— What advice would you give to young composers who are starting writing music? This is maybe for me mostly now because I myself need a feedback when I show people what I do. I’m myself in a situation now as a composer that I have a lot of formalism. So structures and compositional methods they are very important and I’m working on a material thing but it should be very very strictly structured because a composer is a person who is doing that well basically, who is combining materials very nicely. And I understand that I’m not alone in this, that maybe everybody comes with this period. What maybe advice could you give to a starting young composer?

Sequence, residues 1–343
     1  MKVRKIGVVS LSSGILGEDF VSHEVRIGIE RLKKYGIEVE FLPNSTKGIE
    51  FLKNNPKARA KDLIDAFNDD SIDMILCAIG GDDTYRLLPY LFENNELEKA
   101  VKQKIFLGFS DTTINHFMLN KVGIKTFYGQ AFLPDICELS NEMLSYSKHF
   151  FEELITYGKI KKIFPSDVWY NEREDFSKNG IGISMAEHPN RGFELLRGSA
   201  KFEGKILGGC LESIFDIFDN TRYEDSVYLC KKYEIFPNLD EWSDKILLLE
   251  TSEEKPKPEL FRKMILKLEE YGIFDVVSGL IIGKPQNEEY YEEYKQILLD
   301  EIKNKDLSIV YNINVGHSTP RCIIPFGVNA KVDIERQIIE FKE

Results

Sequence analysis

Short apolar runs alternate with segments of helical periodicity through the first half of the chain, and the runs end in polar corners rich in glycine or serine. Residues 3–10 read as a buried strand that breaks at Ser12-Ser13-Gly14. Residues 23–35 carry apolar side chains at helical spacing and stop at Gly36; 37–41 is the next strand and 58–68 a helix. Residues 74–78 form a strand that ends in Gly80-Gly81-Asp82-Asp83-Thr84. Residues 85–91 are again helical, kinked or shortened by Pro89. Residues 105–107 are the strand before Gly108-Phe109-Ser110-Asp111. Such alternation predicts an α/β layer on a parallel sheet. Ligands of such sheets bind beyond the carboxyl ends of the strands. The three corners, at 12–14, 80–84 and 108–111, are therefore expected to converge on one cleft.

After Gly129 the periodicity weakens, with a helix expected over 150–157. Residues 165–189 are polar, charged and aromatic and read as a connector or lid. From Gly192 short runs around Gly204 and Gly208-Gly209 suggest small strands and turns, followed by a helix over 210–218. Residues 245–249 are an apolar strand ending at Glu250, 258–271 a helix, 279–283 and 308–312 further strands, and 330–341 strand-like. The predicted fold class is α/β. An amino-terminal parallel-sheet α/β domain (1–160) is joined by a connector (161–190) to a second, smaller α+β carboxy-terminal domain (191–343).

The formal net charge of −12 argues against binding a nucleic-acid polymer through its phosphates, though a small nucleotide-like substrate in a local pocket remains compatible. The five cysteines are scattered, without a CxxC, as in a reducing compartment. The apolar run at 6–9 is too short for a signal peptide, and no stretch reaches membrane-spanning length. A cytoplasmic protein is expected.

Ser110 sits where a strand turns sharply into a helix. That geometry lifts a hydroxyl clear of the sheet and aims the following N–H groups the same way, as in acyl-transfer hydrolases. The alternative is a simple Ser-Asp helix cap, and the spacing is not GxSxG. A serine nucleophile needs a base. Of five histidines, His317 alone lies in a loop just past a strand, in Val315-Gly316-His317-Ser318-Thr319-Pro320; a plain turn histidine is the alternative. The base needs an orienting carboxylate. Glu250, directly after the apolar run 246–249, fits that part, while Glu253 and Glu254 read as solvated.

— First of all, I can only in a way pass on what my Indian singing teacher told me once I asked him for advice. And he just looked at me and he said, “Feel more.” Then it’s one side. But then the other side of course is, if one starts to create structures, one has to always ask oneself, is this structure which I’ve just created actually representing what I feel? Is it connected? Because otherwise it will be empty. And there’s so much empty noise in this world, it’s better to be silent actually. But if one really really has to say something, if it’s profound, everybody will be glad to listen. Because there’s so many people who feel a lot which they don’t know how to express. And I think composing for me is not only like writing a diary. It’s also not only about myself, it’s about finding something that’s profound enough which is of course subjective, it can be subjective. But that other people can identify with it. I always… I love to tell this story about Sting, you know. When his father died, he had a huge crisis with writing. And then he went back to his home town and there, most of the people there were shipbuilders, it was somewhere in North England. And he realized suddenly that these people needed a voice. You know, to express themselves, to have the world realize they exist. And how life is there. And we all in a way feel caught up in our own heads and fragmented in a society like we don’t belong or we don’t know who we belong to. And if somebody else who comes from somewhere completely different, who had a different life, manages to tell us how they feel and how their life is, we are just a little bit less lonely.